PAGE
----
Although India depends on a wide variety of power generation sources, more than half of the country’s installed capacity comes from coal. According to the Ministry of Power, as of January 2019, the country’s total installed capacity in the utilities sector was nearly 350 GW, while the recent India Infrastructure Research report indicates that captive power plants (CPPs) of more than 1 MW account for approximately 67.8 GW of additional capacity. Finally, less than 1 MW units made up of mobile and static diesel generator sets and rooftop solar systems account for another 60 GW to 80 GW.
Much of that generated power is being used in the industrial sector, which consumes up to 50% of the country’s power depending on the season. Next the domestic and agricultural sectors consume about a fifth of the nation’s power each. Agriculture is seasonal, however, and is tilted more towards the country’s rural areas.
Increasing Capacity in a Changing Landscape
India currently stands at third position in the world in terms of power generation capacity. It has made strides in this regard in recent years, achieving year-on-year growth rates between 8% and 12%. Still, it lags well behind the United States—at second position—by almost a factor of four. China leads the world in terms of installed power generation capacity, with 1646 GW in 2016.1
India’s capacity needs will continue to increase, and already the country is unable to consistently produce enough electricity to meet the existing demand. At present, India buys approximately 1.5 GW of power from Bhutan, while the remaining deficit is covered through power shedding.
According to the Load Generation Balance Report (LGBR) published by the Ministry of Power, India had an overall deficit of 0.7% and a peak requirement deficit close to 2% in 2017–18. The peak power deficit is the shortfall in generation capacity during the time that electricity consumption is at a maximum. A significant deficit implies there is not enough electricity to meet the needs of the consumers.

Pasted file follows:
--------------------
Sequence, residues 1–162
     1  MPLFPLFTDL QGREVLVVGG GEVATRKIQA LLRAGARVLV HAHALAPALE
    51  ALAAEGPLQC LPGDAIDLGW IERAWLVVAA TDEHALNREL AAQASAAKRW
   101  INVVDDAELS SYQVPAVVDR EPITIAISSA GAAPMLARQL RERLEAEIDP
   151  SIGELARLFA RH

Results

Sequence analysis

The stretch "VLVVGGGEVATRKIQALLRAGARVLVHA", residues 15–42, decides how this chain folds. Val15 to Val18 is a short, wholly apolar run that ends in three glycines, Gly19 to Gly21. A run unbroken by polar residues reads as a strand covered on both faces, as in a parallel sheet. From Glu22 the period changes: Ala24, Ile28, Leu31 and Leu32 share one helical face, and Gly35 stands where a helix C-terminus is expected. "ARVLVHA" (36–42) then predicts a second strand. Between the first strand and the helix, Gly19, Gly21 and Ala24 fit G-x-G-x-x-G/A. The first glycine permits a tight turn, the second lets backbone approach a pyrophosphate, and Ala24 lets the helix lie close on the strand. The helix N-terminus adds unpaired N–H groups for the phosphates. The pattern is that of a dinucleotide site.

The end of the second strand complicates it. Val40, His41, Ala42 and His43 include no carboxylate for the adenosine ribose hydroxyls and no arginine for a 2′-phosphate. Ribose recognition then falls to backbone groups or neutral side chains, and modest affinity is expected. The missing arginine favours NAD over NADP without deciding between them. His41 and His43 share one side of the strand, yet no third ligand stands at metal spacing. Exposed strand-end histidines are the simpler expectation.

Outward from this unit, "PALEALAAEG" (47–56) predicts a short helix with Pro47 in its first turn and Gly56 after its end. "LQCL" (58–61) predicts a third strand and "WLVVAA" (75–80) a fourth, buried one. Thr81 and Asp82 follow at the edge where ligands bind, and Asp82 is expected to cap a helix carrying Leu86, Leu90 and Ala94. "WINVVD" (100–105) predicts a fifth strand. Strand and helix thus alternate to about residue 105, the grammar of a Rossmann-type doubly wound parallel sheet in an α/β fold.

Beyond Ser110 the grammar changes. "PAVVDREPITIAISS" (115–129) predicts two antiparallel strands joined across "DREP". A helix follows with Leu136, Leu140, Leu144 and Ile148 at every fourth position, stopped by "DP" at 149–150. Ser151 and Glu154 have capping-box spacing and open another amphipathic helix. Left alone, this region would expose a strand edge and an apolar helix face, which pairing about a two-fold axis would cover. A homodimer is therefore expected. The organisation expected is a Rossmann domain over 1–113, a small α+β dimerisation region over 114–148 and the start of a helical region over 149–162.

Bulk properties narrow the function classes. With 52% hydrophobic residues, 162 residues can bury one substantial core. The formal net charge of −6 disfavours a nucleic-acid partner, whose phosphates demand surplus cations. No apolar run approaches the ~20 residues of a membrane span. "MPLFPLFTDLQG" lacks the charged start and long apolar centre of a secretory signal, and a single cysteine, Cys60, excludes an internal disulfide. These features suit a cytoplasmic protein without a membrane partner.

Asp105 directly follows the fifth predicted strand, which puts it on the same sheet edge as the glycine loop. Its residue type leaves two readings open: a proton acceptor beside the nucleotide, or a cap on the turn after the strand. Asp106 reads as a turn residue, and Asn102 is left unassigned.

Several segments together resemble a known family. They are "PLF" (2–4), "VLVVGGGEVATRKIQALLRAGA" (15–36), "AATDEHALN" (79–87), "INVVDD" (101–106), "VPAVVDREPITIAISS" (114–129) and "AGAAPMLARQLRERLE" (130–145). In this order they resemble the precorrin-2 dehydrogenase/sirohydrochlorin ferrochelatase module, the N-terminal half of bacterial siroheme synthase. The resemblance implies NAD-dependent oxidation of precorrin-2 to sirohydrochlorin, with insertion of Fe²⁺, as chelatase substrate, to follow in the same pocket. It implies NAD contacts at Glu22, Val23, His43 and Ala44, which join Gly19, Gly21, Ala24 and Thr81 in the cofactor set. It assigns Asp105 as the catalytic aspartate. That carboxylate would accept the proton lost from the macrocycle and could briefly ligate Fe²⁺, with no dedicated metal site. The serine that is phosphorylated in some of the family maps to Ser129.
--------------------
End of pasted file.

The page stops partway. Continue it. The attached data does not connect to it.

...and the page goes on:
Depending on the location, the lack of power in India is likely to occur during a specific period of time and for a specific duration.
Although the LGBR predicts a surplus of 4.6% overall and 2.5% for peak requirements for 2018–19, reports indicate that for the first four months of the fiscal year, the overall deficit was 0.6% and the peak power deficit was 0.9%. India’s increasing power need comes from a number of sources:
» Industry is increasingly connecting its equipment, via robotics and automation, and driving both the quantity and the quality of power requirements.
» As consumers’ disposable income rises, so do their need for white goods—large electrical items used domestically, such as refrigerators and washing machines, as well as other devices such as smart mobiles.
» The agriculture sector is likely to see a massive change, with farm producer organizations (FPOs) and consolidations becoming the norm. In turn, this will drive mechanization and the need for greater amounts of electricity.
» The government has targeted 2030 as the year it wants all cars in India to be electric, which will drive an additional demand for power.
Challenge to Lower Emissions
As India demands more electricity, the country must deal with the high emission levels that additional capacity could create. While India lags well behind China and the United States in total carbon dioxide emissions,2 the World Health Organization says 11 out of the 12 most polluted cities in the world are in India. As part of the Paris Agreement, India pledged—by 2030—to lower the greenhouse gas emission intensity of its gross domestic product (GDP) by 33% to 35% below its 2005 levels.
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January - June 2019 (Combined Issue)